Calling in a specialist

But you don’t need to navigate these waters on your own. Instead, you might consider the “Prudent Man” rule, which implies that when expertise is required yet absent, a prudent person outsources the needed expertise. There is a wealth of talented retirement plan specialists and advisors available to help guide you through the audit process or, better yet, steer clear of it altogether.

When considering whether to employ one of these specialists, you will need to evaluate their experience, expertise and training, as well as if they provide services to help the plan sponsor keep the DOL (and the IRS) out of their offices. Some commonly available services include:

  • 5500 reviews to help plan sponsors avoid potential audit triggers
  • Coaching services to help plan sponsors identify and eliminate some of those difficult-to-value assets like employer stock or self-directed brokerage accounts
  • Service provider evaluations to help plan sponsors identify those who will work as a plan fiduciary and put the appropriate guardrails in place on an automated basis

In conclusion, the best way to survive a potential DOL investigation or IRS audit is to avoid one altogether. Committing to best practices for running the plan may mean outsourcing a great deal of the work to specialist retirement plan providers and advisors. Plan sponsors would be wise to consider working with service providers who operate as plan fiduciaries themselves. In this way, you’re more likely to avoid problems and achieve better plan results, leading to better outcomes for everyone.

SOURCE: Grantz, J (7 June 2018) "The DOL Audit: Understanding the spectrum of risk" (Web Blog Post). Retrieved from https://www.benefitnews.com/opinion/dol-audit-understanding-the-spectrum-of-risk?feed=00000152-18a5-d58e-ad5a-99fd31fe0000


Do employees know where to go in a health crisis?

Does your organization have a plan for employee health crises? Employees are often confused and unsure about who they should turn to for assistance when they have a health crisis at work. Read on to learn more.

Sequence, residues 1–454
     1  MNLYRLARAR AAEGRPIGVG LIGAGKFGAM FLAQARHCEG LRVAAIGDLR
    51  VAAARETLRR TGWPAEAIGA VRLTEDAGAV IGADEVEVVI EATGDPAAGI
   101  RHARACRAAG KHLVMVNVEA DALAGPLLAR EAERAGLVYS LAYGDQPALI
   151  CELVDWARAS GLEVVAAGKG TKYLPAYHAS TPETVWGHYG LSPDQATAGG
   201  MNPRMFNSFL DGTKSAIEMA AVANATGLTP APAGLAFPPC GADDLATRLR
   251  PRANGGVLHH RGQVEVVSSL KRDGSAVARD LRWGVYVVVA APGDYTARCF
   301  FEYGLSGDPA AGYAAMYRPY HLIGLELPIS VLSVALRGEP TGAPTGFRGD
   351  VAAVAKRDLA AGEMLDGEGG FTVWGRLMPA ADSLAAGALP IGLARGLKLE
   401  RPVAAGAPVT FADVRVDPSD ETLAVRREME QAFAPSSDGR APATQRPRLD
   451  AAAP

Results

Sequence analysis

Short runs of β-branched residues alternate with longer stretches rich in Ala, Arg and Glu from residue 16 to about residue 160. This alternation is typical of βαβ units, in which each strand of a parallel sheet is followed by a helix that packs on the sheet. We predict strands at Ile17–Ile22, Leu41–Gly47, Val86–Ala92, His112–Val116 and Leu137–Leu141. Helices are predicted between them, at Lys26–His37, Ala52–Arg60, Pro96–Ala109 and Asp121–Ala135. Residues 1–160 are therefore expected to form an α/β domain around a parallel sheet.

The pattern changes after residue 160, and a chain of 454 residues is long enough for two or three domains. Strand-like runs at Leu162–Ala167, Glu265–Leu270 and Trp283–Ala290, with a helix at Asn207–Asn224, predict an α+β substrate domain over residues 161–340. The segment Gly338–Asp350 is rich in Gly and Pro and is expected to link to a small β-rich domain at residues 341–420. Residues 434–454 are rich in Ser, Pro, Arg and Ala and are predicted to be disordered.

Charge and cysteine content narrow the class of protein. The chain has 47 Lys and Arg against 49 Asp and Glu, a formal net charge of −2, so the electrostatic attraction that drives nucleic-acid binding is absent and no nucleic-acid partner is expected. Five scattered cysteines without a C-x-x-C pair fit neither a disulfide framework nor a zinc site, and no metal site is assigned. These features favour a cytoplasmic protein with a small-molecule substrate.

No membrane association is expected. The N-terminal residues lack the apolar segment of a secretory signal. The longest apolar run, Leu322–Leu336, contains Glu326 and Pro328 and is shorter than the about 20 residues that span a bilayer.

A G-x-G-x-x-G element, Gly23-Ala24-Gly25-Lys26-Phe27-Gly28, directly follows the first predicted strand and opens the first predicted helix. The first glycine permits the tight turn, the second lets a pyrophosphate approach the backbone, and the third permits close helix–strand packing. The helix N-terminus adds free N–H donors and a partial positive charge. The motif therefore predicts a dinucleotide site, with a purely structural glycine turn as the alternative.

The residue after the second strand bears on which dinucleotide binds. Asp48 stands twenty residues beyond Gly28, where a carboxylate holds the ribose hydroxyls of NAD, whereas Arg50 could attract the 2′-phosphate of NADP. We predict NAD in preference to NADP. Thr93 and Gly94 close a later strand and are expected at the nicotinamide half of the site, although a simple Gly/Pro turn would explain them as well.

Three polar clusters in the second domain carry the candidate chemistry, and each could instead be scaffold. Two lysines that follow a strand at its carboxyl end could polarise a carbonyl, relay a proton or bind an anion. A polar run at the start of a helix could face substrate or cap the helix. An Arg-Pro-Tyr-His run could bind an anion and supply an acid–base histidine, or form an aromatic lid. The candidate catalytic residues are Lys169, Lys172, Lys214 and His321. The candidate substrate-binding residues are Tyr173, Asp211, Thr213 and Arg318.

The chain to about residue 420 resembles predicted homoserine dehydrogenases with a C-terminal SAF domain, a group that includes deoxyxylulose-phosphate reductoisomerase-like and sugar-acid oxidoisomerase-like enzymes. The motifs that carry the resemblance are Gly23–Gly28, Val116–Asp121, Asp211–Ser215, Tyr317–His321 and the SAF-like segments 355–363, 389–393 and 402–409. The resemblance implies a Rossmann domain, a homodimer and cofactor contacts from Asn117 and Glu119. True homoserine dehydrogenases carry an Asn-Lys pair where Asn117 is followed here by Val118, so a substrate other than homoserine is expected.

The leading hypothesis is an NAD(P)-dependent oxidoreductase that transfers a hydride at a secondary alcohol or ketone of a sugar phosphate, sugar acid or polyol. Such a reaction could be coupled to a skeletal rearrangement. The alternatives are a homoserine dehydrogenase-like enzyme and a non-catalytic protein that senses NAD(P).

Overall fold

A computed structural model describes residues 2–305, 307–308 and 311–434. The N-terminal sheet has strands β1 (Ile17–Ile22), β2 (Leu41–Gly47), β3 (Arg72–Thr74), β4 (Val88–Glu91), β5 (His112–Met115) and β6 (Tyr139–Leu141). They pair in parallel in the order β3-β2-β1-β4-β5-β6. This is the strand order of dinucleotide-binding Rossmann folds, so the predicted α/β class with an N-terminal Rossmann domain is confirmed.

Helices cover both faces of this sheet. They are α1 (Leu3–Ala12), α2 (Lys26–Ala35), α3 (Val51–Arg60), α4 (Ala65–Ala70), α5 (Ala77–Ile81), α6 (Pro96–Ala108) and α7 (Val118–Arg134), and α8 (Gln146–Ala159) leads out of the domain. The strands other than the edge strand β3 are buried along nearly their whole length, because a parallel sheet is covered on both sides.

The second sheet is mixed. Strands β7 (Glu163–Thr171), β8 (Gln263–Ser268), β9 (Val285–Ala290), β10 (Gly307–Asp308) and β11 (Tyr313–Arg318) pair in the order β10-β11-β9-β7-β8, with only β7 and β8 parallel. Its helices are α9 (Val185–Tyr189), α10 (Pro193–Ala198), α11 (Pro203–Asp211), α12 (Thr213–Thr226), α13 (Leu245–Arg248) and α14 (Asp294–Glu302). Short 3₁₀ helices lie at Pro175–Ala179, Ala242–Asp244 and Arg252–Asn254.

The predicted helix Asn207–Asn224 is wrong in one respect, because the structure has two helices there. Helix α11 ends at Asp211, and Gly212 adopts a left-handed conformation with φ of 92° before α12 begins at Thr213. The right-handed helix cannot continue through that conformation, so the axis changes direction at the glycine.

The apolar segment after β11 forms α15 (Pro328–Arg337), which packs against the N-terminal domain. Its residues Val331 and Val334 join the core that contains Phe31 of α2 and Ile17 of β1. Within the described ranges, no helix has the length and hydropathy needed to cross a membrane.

When talking to employers about their disability programs, I often ask, “Who do your employees go to first for assistance when they have a health condition?”

If I ask that question of a direct supervisor, it’s met with a quick response of “Me!”, which is quickly followed by the statement, “My employees know that my door is always open and I’m here to help them!”

Sadly, this is not true. Another insurance company recently surveyed employees who experienced a health condition in the workplace and asked that same question: Who did you go to for assistance? The responses varied.

For example, we found that at midsize companies with 100 to 499 employees, it varied:

· 44% went to their HR manager
· 33% went to their direct supervisor
· 18% went to their HR manager and direct supervisor
· 5% went elsewhere

What this shows is that many employers don’t have a consistent process in place for addressing employees with health conditions. This confusion or misunderstanding about whom to approach for assistance can create an inconsistent process for your clients and their workforce — potentially resulting in a negative experience for employees and lost productivity for employers.

Based on the survey findings, employees who worked with their HR manager tended to have a more positive experience and felt more valued and productive after speaking with them about their health condition.

For instance, 54% of employees felt uncomfortable discussing their health condition with their direct supervisor, versus only 37% of employees who went to their HR manager. In addition, 73% of employees who worked with their HR manager felt they knew how to provide the right support for their condition versus 61% of employees who worked with their direct supervisor.